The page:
It’s a total cliché, a beautiful city, easy to wander around. The first time I went, my mother had her purse stolen on the metro and we were bundled into a police van, siren blaring, pin-pon across cobbled streets, to get back to the correct arrondissement to report the loss. The officer concerned affected not to understand my school girl French, so I conversed with him in German. On the way back we witnessed a knife fight on a station platform. We had our portraits drawn in Montparnasse and ate in fast food restaurants, as my father said the proper restaurants were too expensive. He might have been right. I’ve struggled every time I’ve been to find decent food in the capital. Much of it is very ‘tourist menu’.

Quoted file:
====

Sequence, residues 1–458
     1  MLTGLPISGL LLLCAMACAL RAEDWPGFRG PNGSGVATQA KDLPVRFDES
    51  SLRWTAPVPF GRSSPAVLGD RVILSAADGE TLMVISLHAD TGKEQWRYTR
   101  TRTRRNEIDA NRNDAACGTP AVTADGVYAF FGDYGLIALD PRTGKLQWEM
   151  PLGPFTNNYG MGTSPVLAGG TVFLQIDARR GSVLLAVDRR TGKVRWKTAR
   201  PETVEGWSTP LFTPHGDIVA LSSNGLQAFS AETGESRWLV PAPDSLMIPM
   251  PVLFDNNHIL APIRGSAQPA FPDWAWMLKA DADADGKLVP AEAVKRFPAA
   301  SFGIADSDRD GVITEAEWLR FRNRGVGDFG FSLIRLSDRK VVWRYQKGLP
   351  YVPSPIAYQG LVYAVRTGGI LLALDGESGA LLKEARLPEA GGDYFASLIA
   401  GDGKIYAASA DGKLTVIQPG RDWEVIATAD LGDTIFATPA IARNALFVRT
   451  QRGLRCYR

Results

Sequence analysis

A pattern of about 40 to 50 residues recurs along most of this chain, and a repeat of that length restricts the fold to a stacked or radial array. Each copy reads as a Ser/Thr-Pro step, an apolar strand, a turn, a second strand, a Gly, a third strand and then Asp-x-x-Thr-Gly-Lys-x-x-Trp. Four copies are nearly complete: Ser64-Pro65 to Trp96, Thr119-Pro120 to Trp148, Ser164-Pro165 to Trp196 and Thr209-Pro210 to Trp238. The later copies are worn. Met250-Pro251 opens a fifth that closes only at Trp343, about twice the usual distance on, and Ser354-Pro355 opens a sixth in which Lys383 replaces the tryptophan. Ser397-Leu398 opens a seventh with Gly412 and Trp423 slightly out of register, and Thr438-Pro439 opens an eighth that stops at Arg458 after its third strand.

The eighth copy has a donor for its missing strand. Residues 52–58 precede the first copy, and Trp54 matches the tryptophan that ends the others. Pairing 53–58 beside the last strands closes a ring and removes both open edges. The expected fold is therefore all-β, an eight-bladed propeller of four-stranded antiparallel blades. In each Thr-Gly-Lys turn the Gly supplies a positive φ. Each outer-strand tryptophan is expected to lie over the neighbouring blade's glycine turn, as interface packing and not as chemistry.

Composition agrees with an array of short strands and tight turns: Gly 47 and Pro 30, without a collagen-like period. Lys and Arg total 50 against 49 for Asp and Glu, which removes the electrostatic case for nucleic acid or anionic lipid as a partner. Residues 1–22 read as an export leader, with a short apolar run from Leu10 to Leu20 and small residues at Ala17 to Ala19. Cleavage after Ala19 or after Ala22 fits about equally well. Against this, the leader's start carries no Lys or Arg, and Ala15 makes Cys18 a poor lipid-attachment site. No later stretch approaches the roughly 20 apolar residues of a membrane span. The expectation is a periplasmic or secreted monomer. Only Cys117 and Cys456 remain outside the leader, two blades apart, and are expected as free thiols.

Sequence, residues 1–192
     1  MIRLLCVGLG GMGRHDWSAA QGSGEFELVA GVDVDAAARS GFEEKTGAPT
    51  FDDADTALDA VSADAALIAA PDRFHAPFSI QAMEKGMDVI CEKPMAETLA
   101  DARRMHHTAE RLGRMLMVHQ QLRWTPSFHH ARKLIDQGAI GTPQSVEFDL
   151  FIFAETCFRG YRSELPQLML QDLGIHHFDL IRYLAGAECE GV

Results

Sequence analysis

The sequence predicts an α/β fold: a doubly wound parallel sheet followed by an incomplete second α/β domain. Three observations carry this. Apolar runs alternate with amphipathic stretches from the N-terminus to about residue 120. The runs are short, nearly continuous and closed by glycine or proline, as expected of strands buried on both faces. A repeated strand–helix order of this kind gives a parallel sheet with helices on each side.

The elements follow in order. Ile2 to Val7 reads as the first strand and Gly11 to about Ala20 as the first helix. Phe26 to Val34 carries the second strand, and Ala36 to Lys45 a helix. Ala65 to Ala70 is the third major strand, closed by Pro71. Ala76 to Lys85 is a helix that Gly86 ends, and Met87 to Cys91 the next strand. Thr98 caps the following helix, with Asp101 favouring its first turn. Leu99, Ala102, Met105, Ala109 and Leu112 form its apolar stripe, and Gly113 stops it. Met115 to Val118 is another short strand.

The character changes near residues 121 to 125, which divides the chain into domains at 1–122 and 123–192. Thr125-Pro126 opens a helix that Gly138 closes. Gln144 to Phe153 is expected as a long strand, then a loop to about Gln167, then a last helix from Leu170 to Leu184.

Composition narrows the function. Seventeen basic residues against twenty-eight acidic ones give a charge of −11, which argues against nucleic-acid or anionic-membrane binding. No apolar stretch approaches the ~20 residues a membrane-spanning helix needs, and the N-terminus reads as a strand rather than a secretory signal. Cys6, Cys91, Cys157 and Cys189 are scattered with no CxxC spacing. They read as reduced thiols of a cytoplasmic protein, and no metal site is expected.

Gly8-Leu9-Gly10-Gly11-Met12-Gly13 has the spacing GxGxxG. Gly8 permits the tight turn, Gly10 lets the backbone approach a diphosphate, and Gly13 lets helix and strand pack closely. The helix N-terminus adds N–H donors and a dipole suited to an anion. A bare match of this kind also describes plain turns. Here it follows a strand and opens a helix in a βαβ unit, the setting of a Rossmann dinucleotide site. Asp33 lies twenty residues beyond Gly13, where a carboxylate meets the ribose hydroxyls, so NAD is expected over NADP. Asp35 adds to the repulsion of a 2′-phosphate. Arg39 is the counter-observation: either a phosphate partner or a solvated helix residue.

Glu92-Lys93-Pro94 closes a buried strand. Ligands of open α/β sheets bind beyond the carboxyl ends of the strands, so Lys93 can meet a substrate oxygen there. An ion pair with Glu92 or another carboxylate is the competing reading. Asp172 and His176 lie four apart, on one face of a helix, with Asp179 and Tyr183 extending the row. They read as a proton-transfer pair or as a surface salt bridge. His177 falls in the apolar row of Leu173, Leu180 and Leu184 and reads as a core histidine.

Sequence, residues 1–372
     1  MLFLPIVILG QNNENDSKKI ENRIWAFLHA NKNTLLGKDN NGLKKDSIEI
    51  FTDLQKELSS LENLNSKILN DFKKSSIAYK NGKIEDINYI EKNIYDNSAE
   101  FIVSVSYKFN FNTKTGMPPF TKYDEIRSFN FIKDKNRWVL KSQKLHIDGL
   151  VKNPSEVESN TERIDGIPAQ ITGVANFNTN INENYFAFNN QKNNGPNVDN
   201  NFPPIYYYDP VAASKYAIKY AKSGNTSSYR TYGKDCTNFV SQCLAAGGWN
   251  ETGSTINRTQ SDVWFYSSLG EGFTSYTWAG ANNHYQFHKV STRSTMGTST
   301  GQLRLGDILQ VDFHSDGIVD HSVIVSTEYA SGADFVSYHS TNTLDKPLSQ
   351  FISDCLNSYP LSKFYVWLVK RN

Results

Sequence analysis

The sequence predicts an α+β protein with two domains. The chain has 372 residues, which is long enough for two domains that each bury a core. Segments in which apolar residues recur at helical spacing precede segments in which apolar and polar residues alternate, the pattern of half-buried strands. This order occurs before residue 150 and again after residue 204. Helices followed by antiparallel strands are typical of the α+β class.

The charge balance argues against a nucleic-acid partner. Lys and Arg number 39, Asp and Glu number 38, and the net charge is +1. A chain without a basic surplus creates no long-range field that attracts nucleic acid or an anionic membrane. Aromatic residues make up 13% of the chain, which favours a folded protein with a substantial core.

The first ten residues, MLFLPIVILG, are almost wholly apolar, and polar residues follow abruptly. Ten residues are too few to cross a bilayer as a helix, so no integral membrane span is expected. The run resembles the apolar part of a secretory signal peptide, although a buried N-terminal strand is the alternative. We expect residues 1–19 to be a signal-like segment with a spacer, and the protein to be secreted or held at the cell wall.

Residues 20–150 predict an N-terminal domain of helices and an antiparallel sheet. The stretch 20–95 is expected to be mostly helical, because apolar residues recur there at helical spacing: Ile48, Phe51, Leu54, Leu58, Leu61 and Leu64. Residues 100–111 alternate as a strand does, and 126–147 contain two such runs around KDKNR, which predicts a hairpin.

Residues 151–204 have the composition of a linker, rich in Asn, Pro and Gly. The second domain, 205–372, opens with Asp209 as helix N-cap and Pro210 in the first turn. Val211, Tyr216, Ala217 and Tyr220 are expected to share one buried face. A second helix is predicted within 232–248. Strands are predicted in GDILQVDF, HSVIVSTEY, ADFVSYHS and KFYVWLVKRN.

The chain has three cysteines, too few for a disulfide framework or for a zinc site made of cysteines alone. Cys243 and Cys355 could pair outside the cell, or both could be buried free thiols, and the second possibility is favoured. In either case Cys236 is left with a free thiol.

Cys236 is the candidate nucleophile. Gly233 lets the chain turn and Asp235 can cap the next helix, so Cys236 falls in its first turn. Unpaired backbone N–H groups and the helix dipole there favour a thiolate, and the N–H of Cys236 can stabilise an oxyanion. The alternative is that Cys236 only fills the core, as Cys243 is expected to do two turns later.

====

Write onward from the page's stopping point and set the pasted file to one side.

The river is romantic, the buildings gorgeous, the galleries replete with famous works (for me the Musee D'Orsai rather than the Louvre) and the Eiffel Tower excellent from a distance. I don’t enjoy the glass lift or the open sided top deck. The Marais is elegant, the museums, and galleries fabulous, , but my favourite building (both inside and out) is the high-tech inside-out Richard Rogers designed Pompidou Centre. The Left Bank is good for shopping, the boutiques are glamorous; there isn’t the variety and choice that we have in London but I still have the red laced velvet boots displayed on a cushion in my size at the top of an escalator. What else could I do?
See also: Thelma and Louise in Gard